Skip to comments.ARMY: Black Beret Blues
Posted on 04/21/2009 10:30:47 AM PDT by llevrok
April 20, 2009: U.S. Army troops are becoming more energetic and vocal in efforts to get rid of the black beret they have been forced to wear for the past eight years. Back in 2000, the U.S. Army commander (Chief Of Staff) general Eric Shinseki ordered that the black beret replace the traditional billed cap (which had been used for nearly a century). Shinseki believed the black beret would be a symbol of excellence, reflecting the overall professionalism of the entire Army. He believed the black beret would repair the (largely nonexistent) divisions created by the use of different color berets in some units (red for airborne, green for special forces, black for rangers). Shinseki also believed that, because black berets are (everywhere but in the United States ) worn by armor troops, and in the U.S. by Rangers, the new headgear would reflect a merger of both light and heavy forces. This was a non-issue to most troops. Shinseki also insisted that selecting the color black was not intended as an insult to the Rangers (who were, and still believe that this was exactly what was intended) but was simply the best color to match the battle dress uniform (BDU). This, despite the fact that there is no longer any black in the BDU. Shinseki also wanted to create a "world class uniform" that would be respected by foreigners who came into contact with US troops. But American troops associate the beret with armies that tend to lose (especially the French) and consider it no great honor. Then there are practical issues. The beret is made of wool, and requires more care to keep it presentable. Even at that, no one can agree on exactly how one should wear it. The damn thing is made of wool, and is uncomfortable in warm weather. Since it has no bill, it provides no shade for the eyes when troops have to stand in formation. It also costs twice as much as the patrol cap (the baseball cap live headgear, that is the same pattern as the BDU and is soft and light). But for many formations and occasions, the troops must wear the beret, instead of the patrol cap. Most troops would prefer to use the patrol cap, in camo or monotone versions, instead of the beret.
From the beginning, the black beret was very unpopular. Surveys quickly revealed that the majority of the troops were hostile to the head gear change. But Shinsheki went forward anyway. Current and former rangers, and many members of Congress, appealed to president Bush to reverse the policy back then. But September 11, 2001 came along before Bush could do anything, and the beret issue has been pushed into the background ever since.
But now the troops feel they have won one war, and are on their way to winning another, and would like to get some relief from those damn, stupid berets.
Thank God I got out before they changed to the beret. There was nothing wrong with the soft cap. It was much sharper and shaded your eyes.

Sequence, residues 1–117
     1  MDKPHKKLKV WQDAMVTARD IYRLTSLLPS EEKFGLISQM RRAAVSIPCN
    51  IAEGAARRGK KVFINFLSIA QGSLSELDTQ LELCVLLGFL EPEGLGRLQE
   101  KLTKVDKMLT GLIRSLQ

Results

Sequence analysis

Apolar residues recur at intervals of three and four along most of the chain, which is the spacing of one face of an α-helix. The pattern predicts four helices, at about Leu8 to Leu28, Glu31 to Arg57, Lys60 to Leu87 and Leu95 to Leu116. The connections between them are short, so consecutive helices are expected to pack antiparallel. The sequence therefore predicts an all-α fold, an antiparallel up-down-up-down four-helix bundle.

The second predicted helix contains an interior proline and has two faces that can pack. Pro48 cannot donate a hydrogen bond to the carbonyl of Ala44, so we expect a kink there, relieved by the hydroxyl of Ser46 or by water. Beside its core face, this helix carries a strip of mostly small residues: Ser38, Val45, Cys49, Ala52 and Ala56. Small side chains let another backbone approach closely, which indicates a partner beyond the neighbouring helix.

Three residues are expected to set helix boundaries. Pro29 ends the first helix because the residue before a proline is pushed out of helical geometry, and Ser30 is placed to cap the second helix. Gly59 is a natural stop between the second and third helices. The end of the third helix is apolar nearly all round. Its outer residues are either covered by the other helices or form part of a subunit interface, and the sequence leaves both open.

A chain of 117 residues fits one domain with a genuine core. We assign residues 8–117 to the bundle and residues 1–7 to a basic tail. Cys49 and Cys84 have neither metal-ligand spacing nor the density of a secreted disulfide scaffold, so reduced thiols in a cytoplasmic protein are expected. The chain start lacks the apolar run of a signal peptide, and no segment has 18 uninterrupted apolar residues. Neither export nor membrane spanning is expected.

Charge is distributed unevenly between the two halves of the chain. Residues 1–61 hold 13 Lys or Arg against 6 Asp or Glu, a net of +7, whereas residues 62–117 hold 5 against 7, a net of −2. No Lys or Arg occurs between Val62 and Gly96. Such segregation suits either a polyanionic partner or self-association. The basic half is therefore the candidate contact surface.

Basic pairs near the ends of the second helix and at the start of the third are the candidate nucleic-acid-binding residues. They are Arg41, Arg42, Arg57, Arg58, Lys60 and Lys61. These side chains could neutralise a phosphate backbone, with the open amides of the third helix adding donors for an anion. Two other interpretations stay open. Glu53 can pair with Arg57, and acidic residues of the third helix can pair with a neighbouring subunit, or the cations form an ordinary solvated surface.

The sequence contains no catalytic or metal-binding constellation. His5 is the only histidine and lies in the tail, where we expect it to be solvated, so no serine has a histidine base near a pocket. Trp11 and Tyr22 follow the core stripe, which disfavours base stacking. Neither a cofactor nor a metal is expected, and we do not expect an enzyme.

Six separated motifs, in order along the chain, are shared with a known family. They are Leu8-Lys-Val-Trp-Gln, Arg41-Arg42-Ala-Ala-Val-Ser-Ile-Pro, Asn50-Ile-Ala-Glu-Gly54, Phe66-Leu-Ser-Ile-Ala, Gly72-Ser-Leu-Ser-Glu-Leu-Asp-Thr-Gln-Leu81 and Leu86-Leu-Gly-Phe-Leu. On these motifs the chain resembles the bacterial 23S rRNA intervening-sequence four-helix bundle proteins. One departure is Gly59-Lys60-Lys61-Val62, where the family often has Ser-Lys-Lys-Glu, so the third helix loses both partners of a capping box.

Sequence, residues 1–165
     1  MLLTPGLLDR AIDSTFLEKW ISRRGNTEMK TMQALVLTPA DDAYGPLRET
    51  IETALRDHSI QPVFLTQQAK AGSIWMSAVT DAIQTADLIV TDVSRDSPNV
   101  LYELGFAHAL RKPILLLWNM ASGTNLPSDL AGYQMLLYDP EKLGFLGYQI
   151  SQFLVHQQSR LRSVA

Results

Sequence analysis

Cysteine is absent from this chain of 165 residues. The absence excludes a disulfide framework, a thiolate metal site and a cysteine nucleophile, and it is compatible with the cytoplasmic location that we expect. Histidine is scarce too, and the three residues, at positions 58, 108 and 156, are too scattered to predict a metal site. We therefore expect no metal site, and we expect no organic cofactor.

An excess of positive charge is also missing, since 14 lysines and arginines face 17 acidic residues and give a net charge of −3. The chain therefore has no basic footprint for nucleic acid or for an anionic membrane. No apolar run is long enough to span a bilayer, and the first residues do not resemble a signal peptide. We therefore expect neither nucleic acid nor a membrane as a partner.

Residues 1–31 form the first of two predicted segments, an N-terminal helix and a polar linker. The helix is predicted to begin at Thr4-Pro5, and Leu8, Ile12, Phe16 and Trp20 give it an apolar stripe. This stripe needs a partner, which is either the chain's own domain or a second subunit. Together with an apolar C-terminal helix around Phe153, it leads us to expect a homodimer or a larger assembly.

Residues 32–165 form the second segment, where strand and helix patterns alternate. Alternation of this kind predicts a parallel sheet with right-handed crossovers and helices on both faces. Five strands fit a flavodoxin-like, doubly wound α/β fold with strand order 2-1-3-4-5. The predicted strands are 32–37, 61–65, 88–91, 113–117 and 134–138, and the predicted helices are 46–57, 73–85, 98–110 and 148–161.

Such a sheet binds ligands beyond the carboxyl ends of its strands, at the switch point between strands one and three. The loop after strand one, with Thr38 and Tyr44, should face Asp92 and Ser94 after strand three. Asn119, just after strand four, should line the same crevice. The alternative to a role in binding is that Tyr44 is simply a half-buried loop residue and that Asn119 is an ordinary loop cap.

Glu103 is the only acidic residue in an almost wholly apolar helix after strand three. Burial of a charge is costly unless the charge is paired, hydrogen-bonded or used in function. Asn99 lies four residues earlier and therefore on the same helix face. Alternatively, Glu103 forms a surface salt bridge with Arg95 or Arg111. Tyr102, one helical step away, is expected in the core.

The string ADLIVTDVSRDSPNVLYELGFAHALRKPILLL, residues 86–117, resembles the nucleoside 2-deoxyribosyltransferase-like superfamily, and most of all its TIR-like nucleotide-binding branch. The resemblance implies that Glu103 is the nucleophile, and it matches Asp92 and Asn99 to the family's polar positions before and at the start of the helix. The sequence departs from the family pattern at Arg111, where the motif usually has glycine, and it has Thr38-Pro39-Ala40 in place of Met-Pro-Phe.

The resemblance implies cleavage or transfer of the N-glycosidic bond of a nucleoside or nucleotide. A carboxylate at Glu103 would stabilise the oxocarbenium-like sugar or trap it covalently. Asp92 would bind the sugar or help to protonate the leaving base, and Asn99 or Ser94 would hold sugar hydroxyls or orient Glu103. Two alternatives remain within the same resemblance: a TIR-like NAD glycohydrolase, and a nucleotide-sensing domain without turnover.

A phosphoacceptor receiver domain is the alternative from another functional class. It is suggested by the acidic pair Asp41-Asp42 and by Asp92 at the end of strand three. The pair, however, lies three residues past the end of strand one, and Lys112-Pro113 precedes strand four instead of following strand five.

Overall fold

Wearing wool on your head in the summer is not a good idea. The summer soft cap had holes in it for air.
Get rid of the damned thing.
The beret was chosen for our various elite troops in memory of their fighting behind the lines in France in WW II. Shinseki's making it part of the uniform for all the troops reeked of some Lake Wobegon Army where all the troops are above average.
Soldiers put on the soft cap any chance they get. It protects the eyes and keeps the head cooler.
I never wanted to wear it.
Give the Black Beret back to the Rangers and I’ll happily go back to my patrol cap and keep both the sun and rain out of my eyes.
Bush was C in C for 8 years and didn’t even do this. He was so sad.
Gunny G’s Sites & Forums....
History of the Beret
Military forces have worn distinctive uniform items for centuries to create a psychological advantage and boost their esprit de corps, but the military use of berets is a relatively recent phenomenon, said Walter Bradford, an Army historian who has studied the issue.
Scottish Highland troops wore a bonnet in the 17th and 18th centuries, while the headgear most people now know as the beret was worn in the Basque region of France and Spain in the same period, Bradford said.
But widespread use of the beret among Western armies didnt begin until the 20th century, when French tank crews in World War I wore both the small Basque version and a larger, floppier variety.
In the 1920s, British tank crews began searching for an alternative to their stiff khaki service-dress cap, which just wasnt practical for duty inside the relatively new armored vehicles.
The cap had to be worn backwards to use the gunners sights, with the chin strap down to keep it on the head, Bradford said. The light wool serge fabric soon became home for grease stains as it was clutched and adjusted by soiled fingers.
In 1924, the tankers came up with a black wool beret whose size fell in between the two French versions and was bound with black leather featuring an adjustable ribbon that ran around to tie in the back.
When the British tankers added their traditional Fear Naught emblem above the left eye, they had a snappy piece of headgear that quickly became famous for its distinctiveness and grew to be the symbol of armored formations around the world, Bradford said.